A finely wrought, careful, and utterly damning case that ought to prompt a widespread reevaluation of both Ford and...

THE AMERICAN AXIS

HENRY FORD, CHARLES LINDBERGH, AND THE RISE OF THE THIRD REICH

Whisper an antiwar sentiment today, and you’re branded a traitor. Hinder the Allied war effort and champion the Nazi cause, as did a captain of industry and a pioneer of aviation, and you’ll be remembered as a hero.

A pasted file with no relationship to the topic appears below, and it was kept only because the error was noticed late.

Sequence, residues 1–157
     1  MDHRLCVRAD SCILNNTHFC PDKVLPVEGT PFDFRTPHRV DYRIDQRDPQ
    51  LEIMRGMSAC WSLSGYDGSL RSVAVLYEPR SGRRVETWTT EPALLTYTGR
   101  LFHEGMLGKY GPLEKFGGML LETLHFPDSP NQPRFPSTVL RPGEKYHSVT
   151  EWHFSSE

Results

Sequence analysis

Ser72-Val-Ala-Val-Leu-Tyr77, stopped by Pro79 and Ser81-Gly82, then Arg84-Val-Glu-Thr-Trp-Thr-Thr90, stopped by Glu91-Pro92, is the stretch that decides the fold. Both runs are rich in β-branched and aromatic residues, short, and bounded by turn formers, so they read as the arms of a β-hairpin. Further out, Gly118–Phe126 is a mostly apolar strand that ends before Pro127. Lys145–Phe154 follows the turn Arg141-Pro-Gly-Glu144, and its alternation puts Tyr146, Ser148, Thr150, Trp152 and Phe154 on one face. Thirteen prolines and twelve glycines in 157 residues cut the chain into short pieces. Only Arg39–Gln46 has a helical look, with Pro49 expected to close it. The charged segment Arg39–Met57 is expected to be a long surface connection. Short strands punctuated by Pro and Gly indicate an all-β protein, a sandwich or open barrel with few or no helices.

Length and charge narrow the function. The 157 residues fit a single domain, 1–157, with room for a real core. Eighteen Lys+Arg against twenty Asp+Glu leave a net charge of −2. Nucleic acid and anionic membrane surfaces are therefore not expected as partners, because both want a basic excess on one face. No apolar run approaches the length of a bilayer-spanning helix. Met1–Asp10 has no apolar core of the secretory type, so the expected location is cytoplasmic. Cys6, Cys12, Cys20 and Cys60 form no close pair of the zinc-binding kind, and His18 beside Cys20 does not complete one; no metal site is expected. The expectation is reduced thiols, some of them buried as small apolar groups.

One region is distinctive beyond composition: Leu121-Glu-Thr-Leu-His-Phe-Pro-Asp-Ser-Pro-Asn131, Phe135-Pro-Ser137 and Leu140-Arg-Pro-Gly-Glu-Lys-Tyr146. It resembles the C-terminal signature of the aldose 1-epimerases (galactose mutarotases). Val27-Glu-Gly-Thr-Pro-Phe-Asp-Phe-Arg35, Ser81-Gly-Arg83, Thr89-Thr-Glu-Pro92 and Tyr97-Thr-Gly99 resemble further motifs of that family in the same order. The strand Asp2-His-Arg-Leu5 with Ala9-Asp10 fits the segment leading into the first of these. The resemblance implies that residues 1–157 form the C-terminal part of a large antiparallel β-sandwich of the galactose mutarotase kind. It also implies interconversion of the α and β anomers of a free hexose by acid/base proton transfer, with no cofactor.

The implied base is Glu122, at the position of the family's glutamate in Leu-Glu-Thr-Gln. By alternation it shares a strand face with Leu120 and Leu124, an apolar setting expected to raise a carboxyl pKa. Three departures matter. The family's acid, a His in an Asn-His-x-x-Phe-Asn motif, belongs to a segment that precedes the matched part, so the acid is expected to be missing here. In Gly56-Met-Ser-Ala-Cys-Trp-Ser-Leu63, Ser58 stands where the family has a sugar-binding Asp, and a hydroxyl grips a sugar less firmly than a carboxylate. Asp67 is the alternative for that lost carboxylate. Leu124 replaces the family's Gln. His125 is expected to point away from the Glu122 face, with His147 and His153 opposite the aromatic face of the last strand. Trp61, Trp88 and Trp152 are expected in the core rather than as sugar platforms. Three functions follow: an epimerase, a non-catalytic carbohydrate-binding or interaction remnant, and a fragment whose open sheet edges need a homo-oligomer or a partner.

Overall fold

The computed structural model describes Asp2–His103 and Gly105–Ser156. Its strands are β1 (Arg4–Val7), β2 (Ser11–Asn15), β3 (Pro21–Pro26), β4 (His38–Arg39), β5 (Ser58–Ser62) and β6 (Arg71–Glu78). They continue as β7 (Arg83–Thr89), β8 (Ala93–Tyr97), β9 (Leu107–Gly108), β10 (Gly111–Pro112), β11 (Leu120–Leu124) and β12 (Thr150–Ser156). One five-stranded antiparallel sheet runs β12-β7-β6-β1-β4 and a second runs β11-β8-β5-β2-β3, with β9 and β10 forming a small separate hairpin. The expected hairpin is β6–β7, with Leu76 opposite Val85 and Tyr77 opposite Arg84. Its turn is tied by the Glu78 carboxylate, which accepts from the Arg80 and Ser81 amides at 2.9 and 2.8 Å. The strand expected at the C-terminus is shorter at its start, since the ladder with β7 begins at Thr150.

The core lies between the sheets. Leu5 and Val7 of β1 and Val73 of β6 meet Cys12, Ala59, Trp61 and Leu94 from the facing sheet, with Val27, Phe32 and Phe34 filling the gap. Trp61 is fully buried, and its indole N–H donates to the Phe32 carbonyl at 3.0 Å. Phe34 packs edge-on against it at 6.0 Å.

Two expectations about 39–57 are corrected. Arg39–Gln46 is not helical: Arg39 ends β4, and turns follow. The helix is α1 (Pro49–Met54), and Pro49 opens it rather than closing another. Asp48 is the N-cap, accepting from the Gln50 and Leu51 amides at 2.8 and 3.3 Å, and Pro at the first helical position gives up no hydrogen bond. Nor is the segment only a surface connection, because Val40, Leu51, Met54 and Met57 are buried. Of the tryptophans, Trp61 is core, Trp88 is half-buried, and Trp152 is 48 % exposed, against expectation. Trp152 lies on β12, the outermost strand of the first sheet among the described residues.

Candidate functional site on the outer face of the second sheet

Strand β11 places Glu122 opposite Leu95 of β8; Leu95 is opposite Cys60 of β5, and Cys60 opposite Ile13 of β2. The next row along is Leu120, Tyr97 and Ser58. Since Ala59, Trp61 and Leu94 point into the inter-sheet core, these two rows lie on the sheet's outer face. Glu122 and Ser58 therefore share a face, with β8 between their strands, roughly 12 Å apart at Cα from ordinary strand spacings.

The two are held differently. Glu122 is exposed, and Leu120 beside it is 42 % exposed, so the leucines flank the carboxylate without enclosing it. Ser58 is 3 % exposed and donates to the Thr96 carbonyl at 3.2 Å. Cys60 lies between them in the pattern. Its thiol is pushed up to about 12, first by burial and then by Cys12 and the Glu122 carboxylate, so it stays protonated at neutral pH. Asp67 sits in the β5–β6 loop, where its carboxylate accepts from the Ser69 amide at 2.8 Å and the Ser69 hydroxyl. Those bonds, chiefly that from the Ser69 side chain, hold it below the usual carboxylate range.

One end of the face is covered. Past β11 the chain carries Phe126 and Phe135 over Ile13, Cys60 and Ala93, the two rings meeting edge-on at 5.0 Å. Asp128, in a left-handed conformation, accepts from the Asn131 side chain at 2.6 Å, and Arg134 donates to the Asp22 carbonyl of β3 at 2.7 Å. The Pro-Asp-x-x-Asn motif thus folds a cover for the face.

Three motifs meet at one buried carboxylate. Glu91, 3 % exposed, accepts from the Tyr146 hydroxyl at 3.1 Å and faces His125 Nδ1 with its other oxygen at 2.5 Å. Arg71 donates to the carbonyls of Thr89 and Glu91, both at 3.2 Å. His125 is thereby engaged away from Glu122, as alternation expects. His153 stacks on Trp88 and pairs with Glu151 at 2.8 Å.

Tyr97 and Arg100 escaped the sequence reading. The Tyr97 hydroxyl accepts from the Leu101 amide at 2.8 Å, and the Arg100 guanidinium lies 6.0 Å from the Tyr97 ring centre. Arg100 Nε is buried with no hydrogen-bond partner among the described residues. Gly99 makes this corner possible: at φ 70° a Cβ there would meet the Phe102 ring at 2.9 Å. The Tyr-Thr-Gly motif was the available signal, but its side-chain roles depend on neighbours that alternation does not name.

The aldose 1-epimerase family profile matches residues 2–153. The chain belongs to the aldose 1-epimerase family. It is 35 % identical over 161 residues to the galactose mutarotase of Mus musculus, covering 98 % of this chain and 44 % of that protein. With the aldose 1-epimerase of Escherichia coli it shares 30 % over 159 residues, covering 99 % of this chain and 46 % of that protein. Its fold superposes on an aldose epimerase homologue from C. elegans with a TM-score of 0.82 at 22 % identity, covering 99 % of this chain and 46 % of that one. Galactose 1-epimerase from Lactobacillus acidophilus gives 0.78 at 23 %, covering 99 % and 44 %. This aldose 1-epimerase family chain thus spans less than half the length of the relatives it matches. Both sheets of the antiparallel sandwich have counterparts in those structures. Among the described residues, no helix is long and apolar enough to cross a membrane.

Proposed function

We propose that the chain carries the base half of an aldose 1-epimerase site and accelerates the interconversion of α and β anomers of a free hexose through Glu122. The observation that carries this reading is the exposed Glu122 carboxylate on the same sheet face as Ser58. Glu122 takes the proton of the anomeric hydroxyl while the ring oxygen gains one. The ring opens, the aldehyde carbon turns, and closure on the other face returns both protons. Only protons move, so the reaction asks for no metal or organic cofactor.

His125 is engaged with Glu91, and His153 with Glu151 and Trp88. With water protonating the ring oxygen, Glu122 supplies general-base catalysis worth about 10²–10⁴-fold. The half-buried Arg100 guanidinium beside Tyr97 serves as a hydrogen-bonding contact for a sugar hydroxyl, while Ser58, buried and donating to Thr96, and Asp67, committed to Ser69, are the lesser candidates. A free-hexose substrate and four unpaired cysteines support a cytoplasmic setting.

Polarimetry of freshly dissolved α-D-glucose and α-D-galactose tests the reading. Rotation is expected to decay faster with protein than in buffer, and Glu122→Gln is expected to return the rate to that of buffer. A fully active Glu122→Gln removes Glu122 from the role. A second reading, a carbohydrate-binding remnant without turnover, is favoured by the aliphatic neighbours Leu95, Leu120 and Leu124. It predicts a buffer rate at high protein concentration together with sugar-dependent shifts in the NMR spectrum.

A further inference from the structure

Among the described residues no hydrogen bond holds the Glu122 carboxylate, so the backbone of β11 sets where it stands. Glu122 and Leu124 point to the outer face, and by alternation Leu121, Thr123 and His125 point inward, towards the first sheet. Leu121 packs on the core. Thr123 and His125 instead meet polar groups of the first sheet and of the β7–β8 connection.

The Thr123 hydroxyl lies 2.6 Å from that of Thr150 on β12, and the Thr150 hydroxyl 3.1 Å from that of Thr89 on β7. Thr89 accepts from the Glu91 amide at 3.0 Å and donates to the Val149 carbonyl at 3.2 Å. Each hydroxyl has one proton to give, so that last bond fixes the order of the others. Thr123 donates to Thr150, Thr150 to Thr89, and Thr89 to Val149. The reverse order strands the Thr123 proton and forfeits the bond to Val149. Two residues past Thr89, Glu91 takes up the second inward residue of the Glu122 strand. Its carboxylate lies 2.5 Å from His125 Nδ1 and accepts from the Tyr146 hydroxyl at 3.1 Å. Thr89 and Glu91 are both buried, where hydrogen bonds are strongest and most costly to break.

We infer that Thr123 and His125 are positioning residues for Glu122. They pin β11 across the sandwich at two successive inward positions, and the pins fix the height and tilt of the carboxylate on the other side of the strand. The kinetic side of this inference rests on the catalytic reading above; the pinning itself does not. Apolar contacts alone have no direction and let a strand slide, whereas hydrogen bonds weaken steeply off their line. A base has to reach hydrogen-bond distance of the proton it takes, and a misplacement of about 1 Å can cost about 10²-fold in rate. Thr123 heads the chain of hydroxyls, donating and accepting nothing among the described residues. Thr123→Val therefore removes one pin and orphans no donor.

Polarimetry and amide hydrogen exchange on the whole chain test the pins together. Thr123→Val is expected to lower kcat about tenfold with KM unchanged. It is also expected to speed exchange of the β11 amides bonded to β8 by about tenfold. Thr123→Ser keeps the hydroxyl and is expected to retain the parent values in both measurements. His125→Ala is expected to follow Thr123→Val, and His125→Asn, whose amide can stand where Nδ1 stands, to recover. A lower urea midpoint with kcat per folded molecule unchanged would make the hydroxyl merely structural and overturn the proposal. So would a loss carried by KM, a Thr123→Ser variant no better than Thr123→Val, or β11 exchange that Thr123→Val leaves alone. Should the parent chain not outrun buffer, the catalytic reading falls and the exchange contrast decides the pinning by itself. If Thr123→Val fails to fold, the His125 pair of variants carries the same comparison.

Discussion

So Wallace, a researcher for Steven Spielberg’s Shoah Project, demonstrates in this eye-opening if sometimes circumstantial account of automaker Henry Ford’s and pilot Charles Lindbergh’s multifaceted dealings with the Hitler regime. Ford was singularly instrumental, Wallace charges, with Hitler’s rise; not only did Hitler and other Nazis credit their conversion to anti-Semitism in part to Ford’s scurrilous The International Jew, but Ford also funded the early Nazi party unstintingly and, knowingly or not, gave Nazi operatives access to manufacturing specifications and other documents at least until America entered the war. Hitler himself said, “I regard Henry Ford as my inspiration,” not least for providing a model of mass production for the Nazi killing machine. Direct evidence of Ford’s financial role in bringing Hitler to power is scanty, Wallace writes, “a significant amount of the [Ford Motor] company’s early days—particularly material pertaining to Ford’s anti-Semitism” having been carefully discarded. Lindbergh, famed for his transatlantic solo flight, brought pseudoscientific theories of eugenics to his own admiration for the Nazi regime, and the Nazis reciprocated by depicting the blond, blue-eyed Lindbergh as the exemplar of Aryan manhood. Strangely, by Wallace’s account, both men seemed mystified when the Roosevelt administration did not court their services at the outbreak of WWII, on which occasion Ford remarked, “The whole thing has just been made up by Jew bankers.” Though Lindbergh served as a consultant to Ford in the development of the B-24 bomber, he was unable to gain a military commission—and for good reason, inasmuch as even in 1945 he was publicly lamenting the destruction of Germany, a civilization that “was basically our own, stemming from the same Christian beliefs.”